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Review of fracking health risks sought


ALBANY — Opponents of hydrofracking said Monday that Gov. Andrew Cuomo has put the regulatory cart before the horse, with the state Department of Environmental Conservation offering rules to control hydrofracking while a newly launched review of its health impacts remains incomplete.

Opponents at the Capitol called for a public hearing on the potential health risks associated with fracking, something that currently would not be required under the DEC roadmap which will oversee the ultimate decision on whether the natural gas drilling technique should be allowed.

DEC offered its potential rules on Thursday, but those rules were done without the benefit of a review of fracking's potential impacts on human health being done by three experts hired by the state Health Department. Hired last month, the experts are working under a contract that, in one case, limits the panelist to be paid for no more than 25 hours of work to review what DEC has prepared on fracking's health impacts. It's part of the DEC's Supplemental Generic Environmental Impact Statement, which could guide the course of fracking in the Marcellus Shale if the state decides to proceed.

"That (timeline) is crazy," said Sandra Steingraber, of the anti-fracking Concerned Health Professionals of New York. "You cannot even read all the literature on health impacts in 25 hours."

She said the DEC's push to release proposed rules before a health study was ready was "something more befitting a third-world dictatorship than a modern democracy." DEC will accept public comments on its rules from Dec. 12 through Jan. 11.

The agency had to issue revised regulations by Nov. 29 or risk delay for another public comment period. When the agency issued regulations, it also filed for a 90-day extension to avoid having to restart the process for drafting rules.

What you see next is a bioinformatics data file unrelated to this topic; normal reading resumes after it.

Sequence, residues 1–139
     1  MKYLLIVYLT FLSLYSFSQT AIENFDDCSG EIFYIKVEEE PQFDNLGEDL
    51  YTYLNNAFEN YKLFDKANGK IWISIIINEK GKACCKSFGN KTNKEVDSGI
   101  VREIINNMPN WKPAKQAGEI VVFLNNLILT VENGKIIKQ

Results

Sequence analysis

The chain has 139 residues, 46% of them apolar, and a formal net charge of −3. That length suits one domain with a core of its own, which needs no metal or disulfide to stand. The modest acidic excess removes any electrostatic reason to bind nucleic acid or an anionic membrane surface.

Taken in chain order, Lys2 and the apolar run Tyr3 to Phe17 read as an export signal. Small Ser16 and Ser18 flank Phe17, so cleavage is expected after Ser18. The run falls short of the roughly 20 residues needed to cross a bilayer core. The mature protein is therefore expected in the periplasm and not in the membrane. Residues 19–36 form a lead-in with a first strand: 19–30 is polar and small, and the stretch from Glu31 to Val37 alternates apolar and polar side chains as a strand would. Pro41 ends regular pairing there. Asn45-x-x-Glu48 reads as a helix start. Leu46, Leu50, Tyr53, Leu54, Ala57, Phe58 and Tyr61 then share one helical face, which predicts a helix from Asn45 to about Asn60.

The Health Department has not released the contract that it has with the three experts, and also has not specified what DEC material it is reviewing, nor how that review is supposed to be conducted.

"This review is being conducted in total secrecy ... in a ludicrously short time period," said Assemblywoman Barbara Lifton, D-Ithaca.
She called for the governor's office to release details of the expert review, as well as for creation of a public comment period — including at least one public hearing — on fracking and human health before DEC makes any final decision.

Walter Hang, an environmental consultant with Toxics Targeting, located in Ithaca, said there are "hundreds" of cases of drinking water contamination and improper disposal of drilling wastes in New York for oil and gas drilling that is already allowed.

He said hundreds of abandoned oil and gas wells could be a pathway for methane and natural gas from new hydrofracked wells to escape into the environment and present a health risk.

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